Fukushima's great ice wall
At least 1,500 pipes will be laid deep in soil, through which refrigerant will be transported to create the 1.5-kilometer frozen wall.
Authorized by the Nuclear Regulation Authority, Japan's national watchdog, the project is due to be completed by March 2015.
The construction of the underground ice wall will be an unprecedented and risky job. That's according to Professor Akira Tokuhiro from the Department of Mechanical and Nuclear Engineering of the University of Idaho, who spoke to Radio VR.
“I've been reading that it is roughly worth about 315 million dollars. Since it is unprecedented, it is probably only 50-50 percent that is would succeed at this large scale. So, it is a risky initiative at 315 million dollars. The Japanese Government is willing to spend the money and the country's National Regulation Authority has given it the "okay," so I think Japan is going forward,” Akira Tokuhiro said.
The ice wall is the latest in a series of clean-up operations being carried out after the worst nuclear disaster in a generation in Japan.
The project's launch comes a month after the Fukushima plant's operator began to build a bypass system that will divert groundwater into the sea to try to reduce the volume of contaminated water.
Majia Nadesan, Professor at Arizona State University's New College, told Radio VR that the ice wall may hopefully help prevent contaminated water from entering the Pacific Ocean.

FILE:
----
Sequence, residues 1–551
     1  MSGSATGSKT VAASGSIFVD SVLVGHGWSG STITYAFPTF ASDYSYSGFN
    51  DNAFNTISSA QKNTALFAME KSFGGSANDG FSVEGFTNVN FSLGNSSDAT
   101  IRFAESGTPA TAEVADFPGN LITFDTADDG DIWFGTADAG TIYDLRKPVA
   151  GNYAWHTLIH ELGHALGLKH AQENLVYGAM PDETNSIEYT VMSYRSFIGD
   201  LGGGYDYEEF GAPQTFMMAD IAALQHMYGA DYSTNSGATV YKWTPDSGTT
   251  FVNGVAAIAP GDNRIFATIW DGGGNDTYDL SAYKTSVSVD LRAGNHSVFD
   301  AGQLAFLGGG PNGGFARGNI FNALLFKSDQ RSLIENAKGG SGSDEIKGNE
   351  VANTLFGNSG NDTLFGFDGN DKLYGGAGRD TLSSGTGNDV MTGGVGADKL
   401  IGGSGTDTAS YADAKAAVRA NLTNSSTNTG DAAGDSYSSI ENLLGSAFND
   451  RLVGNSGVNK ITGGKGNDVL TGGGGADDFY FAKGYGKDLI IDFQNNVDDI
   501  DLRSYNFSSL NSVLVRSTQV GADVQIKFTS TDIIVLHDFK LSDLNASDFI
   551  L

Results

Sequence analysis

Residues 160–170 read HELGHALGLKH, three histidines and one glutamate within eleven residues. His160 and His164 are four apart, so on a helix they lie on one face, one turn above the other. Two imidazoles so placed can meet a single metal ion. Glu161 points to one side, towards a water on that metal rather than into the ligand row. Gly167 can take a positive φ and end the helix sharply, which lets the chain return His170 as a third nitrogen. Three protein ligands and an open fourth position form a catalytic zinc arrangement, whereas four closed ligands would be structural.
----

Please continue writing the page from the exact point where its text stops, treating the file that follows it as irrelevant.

“The ice wall may possibly be a viable solution. I lack the technological expertise necessary for evaluating the viability of creating and maintaining an ice-wall in a wet, geologically active, and highly radioactive environment. I think that the economic feasibility is irrelevant because maintaining the security of the Pacific eco-system is still an issue. There is no cost that is too great to try to address this,” Maija Nadesan said.
Proposed for Fukushima last year, the idea of freezing a section of the ground was earlier used in the construction of tunnels near watercourses.
Tokyo Electric Power Company, or TEPCO, is, meanwhile, pinning high hopes on the new project.
This comes as small surprise because coping with the ever-increasing amount of water at the crippled Fukushima plant remains one of the biggest challenges for the facility's operator.